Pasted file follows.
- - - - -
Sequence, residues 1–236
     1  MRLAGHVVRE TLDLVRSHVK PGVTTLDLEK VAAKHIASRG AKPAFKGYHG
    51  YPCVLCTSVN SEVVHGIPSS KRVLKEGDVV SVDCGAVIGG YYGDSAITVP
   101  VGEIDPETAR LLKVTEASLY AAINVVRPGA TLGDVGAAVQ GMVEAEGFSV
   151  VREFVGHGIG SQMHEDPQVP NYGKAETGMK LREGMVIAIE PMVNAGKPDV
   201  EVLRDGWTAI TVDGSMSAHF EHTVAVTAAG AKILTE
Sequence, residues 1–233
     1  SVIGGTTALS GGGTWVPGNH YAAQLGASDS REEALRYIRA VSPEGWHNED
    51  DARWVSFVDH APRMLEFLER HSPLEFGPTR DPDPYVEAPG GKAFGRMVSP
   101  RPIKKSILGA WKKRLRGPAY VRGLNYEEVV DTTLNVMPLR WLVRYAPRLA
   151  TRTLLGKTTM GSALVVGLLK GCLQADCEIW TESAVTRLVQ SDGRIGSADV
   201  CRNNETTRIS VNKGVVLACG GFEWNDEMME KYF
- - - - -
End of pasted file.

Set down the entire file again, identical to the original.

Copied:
Sequence, residues 1–236
     1  MRLAGHVVRE TLDLVRSHVK PGVTTLDLEK VAAKHIASRG AKPAFKGYHG
    51  YPCVLCTSVN SEVVHGIPSS KRVLKEGDVV SVDCGAVIGG YYGDSAITVP
   101  VGEIDPETAR LLKVTEASLY AAINVVRPGA TLGDVGAAVQ GMVEAEGFSV
   151  VREFVGHGIG SQMHEDPQVP NYGKAETGMK LREGMVIAIE PMVNAGKPDV
   201  EVLRDGWTAI TVDGSMSAHF EHTVAVTAAG AKILTE
Sequence, residues 1–233
     1  SVIGGTTALS GGGTWVPGNH YAAQLGASDS REEALRYIRA VSPEGWHNED
    51  DARWVSFVDH APRMLEFLER HSPLEFGPTR DPDPYVEAPG GKAFGRMVSP
   101  RPIKKSILGA WKKRLRGPAY VRGLNYEEVV DTTLNVMPLR WLVRYAPRLA
   151  TRTLLGKTTM GSALVVGLLK GCLQADCEIW TESAVTRLVQ SDGRIGSADV
   201  CRNNETTRIS VNKGVVLACG GFEWNDEMME KYF